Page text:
What does Jane Fonda wear for her daily "butt tucks" and Rover's Revenge, two exercises from her best-selling books and triple platinum video?
"Something that will make me look good," she said on the phone from New York yesterday. Mostly it is a leotard with a belt, tights and leg warmers, but "if I'm heavier, I'll wear dark colors and something that covers me up more, such as silklike parachute pants and sweat pants," she said.
"If you like the way you look when you exercise it's an incentive," says Fonda, who will shortly bring out a line of exercise and related clothes. Her collection will be shown to store buyers in November and be on the racks of major department stores for the spring. Theoni V. Aldredge, who did the costumes for "Chorus Line" and another Broadway production, the soon-to-open "La Cage aux Folles," will create the clothes with Fonda under the Jane Fonda Workout label. There will be a logo, as yet undecided on, according to Aldredge.
"I opened an exercise studio that taught the things I wanted to learn, wrote the book that I wanted to read. Now I'm putting my expertise into a line of clothes I wish I could buy for myself," said Fonda, who describes the styles currently available as "plastic fashion." She added, "They are too shiny, too tight, too garish and lack class."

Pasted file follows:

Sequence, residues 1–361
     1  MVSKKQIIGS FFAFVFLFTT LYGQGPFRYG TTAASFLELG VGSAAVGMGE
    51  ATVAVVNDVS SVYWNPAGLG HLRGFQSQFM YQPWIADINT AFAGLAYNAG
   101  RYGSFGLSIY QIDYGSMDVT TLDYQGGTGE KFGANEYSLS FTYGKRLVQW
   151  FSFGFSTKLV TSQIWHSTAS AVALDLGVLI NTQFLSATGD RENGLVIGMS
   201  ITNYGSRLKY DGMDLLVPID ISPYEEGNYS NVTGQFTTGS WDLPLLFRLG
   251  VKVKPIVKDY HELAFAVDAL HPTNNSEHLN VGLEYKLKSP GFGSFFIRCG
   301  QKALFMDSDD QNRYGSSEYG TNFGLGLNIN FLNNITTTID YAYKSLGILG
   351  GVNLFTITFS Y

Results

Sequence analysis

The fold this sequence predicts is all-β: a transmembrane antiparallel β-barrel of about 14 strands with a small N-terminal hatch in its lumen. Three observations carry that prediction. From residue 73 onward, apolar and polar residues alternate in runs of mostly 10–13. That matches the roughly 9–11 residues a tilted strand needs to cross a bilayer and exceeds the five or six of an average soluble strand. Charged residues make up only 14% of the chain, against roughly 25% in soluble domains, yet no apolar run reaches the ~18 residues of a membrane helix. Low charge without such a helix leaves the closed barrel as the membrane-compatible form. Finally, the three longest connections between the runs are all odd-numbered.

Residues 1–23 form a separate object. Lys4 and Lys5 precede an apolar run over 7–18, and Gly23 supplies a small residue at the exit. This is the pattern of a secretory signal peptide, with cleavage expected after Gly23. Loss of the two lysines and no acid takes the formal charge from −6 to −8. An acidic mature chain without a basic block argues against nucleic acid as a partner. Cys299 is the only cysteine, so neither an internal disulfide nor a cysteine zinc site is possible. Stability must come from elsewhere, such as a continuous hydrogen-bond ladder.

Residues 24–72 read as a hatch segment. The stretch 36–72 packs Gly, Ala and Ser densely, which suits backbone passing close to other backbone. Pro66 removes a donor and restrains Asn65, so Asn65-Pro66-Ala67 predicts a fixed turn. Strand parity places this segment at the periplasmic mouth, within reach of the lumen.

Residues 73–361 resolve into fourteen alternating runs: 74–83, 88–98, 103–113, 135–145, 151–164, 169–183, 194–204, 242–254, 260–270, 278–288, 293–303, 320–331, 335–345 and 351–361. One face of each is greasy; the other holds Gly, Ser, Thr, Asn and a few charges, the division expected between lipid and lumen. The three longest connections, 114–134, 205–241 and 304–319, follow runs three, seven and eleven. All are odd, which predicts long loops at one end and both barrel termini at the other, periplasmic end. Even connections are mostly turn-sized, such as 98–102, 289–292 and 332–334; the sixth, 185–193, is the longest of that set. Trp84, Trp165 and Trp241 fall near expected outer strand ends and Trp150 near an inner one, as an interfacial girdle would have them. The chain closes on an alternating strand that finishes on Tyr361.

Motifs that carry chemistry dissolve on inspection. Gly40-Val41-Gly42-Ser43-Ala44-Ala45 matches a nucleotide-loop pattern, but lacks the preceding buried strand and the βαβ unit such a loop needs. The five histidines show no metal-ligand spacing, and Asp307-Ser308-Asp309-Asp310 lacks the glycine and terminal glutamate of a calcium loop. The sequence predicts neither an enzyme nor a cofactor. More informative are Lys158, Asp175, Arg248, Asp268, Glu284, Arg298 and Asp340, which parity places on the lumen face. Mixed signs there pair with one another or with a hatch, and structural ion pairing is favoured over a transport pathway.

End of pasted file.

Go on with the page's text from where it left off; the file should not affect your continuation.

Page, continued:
The dance clothes she admires are the more classic ones. "Not Flashdance-torn and ripped," she said, "but something innovative, made to work well for bodies."
She will bypass the current rage for leotards cut high over the thigh. "They don't support the buttocks." She prefers the more traditional cut which she then rolls up at the bottom to "flatter the hips." She usually wears a belt with her leotard, "to make me feel centered and conscious of my middle."
Beyond the strict exercise garb, Fonda and Aldredge will include clothes to be worn with leotards, such as wraparound dresses, sweaters and jumpsuits. In a small bag you could carry all the clothes you would need to wear from exercise class, to work, to dinner or to the theater, she said. "If a leotard is flattering I'll wear it to the theater. Why not?" All of her clothes will fill her two requirements--nothing should need ironing and everything must be union-made. Eventually there will be clothes for pregnant women who exercise and middle-aged women who don't. "Hopefully, they will encourage women who haven't exercised to think that they could," she said.
"My favorite clothes are things I've had for 15 years," said Fonda, not sounding much like the apparel entrepreneur she soon will be.
But she has already adopted the lingo. "I say things like 'interlock' and 'fabrics that are thirsty,' " she laughed. "My husband thinks I've gone nuts."